Crucially, progress needs to be made not just on new buildings, but on existing ones as well. This is particularly true in the developed world, where the environment is already heavily built-up, and most of those constructions are here to stay. In Europe more than 40 per cent of buildings were built before 1960, and 90 per cent before 1990.3 Furthermore, an estimated 80 per cent of buildings which will be with us in 2050 have already been built.4 And, in fact, it is often greener to refurbish existing buildings than to construct new ones.
Fig. 2 - Room for improvement
Average energy use intensity by property type, kWh/m2
Source: GRESB, 2019
We believe that all types of property assets offer opportunities for significant environmental improvements. Such initiatives can add substantial value to the assets’ bottom line, and thus are an integral component of our active asset management strategy. And, in fact, refurbishment can been the greener option versus building from scratch. A study found that new homes gave off 50 tonnes of CO2 during the building process, while refurbished ones gave off just 15 tonnes, and that it took around half a century to close that emissions gap.5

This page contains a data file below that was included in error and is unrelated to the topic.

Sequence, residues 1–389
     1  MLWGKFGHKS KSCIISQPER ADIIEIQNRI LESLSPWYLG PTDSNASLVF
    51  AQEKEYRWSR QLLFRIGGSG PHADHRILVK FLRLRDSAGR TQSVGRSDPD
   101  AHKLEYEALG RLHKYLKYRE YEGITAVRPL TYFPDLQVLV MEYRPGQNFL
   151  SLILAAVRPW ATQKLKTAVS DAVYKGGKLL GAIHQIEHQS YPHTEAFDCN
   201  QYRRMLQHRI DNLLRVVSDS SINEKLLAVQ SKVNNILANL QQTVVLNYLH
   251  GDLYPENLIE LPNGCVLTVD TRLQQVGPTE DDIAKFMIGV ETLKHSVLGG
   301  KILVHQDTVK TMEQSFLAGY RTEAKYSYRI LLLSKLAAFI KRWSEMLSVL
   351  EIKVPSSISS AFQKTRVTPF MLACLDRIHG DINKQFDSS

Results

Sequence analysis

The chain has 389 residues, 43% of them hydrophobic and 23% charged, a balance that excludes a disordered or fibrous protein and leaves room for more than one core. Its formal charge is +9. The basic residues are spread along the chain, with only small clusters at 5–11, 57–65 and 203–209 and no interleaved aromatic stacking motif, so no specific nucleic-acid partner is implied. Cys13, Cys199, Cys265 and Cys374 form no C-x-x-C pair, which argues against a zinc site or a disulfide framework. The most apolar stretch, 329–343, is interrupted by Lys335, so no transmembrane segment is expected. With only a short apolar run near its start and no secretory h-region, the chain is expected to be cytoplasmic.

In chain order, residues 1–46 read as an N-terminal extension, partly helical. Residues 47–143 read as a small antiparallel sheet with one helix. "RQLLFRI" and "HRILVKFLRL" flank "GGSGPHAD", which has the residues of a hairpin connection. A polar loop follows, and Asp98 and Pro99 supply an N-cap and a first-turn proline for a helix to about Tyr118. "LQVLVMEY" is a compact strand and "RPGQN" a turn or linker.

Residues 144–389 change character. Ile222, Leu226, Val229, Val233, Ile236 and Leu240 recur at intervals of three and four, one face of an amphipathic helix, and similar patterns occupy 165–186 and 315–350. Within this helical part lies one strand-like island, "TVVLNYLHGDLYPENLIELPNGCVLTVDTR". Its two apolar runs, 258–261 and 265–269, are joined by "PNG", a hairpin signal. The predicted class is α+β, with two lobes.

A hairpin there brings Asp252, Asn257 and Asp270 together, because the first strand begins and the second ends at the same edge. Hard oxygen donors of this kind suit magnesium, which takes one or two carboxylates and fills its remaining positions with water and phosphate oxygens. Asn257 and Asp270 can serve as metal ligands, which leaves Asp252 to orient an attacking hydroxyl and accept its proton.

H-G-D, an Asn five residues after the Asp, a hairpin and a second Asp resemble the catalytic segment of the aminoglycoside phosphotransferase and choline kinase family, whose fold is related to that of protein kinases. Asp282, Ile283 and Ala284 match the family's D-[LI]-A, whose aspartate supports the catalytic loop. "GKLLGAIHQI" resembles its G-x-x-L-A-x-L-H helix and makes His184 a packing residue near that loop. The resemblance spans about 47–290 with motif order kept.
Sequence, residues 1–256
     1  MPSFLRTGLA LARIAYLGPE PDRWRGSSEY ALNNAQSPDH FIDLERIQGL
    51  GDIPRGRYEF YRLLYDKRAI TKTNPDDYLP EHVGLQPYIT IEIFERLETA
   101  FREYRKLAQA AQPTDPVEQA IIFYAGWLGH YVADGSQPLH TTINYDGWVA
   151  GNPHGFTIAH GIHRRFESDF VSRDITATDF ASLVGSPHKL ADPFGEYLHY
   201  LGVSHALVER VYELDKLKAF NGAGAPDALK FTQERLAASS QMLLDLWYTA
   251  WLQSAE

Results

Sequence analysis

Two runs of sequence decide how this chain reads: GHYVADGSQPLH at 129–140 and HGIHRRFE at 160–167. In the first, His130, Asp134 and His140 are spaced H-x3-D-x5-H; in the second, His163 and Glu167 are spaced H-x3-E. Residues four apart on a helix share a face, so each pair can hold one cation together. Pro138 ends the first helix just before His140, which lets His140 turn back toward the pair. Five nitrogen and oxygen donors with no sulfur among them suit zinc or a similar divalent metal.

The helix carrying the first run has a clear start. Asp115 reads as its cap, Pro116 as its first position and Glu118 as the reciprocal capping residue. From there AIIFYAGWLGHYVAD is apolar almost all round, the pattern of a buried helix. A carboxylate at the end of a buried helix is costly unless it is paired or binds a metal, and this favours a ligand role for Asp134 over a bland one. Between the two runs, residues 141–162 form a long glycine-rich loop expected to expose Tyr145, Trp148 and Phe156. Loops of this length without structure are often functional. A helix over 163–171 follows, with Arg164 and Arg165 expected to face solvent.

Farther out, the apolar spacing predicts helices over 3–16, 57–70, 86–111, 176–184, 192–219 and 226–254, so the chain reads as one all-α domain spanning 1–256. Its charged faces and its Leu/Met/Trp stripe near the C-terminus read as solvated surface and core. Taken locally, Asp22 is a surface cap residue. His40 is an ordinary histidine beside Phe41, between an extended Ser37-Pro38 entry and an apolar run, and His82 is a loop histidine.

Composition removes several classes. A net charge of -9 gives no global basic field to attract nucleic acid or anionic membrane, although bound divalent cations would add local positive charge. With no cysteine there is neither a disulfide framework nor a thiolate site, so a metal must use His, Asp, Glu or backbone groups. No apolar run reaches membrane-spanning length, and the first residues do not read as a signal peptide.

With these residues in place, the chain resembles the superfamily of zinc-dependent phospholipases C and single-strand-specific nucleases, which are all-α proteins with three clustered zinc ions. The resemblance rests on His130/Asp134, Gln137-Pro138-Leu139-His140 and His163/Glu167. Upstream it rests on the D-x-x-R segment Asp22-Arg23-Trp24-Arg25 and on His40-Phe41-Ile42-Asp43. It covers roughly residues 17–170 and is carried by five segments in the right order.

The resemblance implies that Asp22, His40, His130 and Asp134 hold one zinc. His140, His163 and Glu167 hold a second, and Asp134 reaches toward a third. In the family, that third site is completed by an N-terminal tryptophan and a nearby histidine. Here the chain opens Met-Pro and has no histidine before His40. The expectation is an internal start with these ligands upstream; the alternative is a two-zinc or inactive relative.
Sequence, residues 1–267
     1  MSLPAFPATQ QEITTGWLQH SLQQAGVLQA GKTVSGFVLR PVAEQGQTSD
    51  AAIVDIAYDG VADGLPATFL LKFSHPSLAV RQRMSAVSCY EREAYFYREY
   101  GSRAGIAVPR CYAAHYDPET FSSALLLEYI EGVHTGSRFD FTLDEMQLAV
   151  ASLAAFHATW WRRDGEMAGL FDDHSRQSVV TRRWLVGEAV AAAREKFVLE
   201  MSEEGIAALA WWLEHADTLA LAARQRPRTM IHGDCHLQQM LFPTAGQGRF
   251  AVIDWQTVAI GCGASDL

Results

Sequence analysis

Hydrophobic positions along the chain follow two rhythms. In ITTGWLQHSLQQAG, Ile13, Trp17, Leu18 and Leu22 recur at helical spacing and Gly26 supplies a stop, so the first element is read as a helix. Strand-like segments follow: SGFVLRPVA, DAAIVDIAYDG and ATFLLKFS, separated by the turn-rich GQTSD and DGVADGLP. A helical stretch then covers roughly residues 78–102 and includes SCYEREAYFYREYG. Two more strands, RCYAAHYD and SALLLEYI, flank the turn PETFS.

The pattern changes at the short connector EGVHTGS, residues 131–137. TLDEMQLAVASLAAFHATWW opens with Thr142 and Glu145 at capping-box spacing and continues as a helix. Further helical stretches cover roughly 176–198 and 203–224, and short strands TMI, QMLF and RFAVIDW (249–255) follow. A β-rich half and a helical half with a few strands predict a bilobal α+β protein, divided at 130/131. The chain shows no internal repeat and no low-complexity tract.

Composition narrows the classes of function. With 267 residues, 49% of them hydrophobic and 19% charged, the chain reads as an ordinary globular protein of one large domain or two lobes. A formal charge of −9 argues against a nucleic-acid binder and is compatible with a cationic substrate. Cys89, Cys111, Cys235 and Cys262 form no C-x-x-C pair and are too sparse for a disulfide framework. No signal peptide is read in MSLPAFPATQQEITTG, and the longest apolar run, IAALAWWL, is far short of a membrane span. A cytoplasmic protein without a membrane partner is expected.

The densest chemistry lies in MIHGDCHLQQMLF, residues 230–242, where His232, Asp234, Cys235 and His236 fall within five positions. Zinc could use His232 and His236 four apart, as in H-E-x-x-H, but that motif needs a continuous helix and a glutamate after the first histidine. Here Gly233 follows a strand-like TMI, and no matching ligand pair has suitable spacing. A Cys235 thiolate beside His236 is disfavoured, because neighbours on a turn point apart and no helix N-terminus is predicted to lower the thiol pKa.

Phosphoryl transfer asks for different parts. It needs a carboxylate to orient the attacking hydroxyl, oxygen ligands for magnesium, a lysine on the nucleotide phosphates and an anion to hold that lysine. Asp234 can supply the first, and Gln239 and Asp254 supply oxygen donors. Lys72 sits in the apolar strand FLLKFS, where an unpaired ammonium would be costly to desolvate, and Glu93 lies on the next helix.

Regulation is becoming more supportive. The EU’s “Fit for 55” initiative, for example, includes a requirement for countries to speed up the renovation of buildings that are not deemed energy efficient, and policies to encourage the use of wood rather than concrete in construction.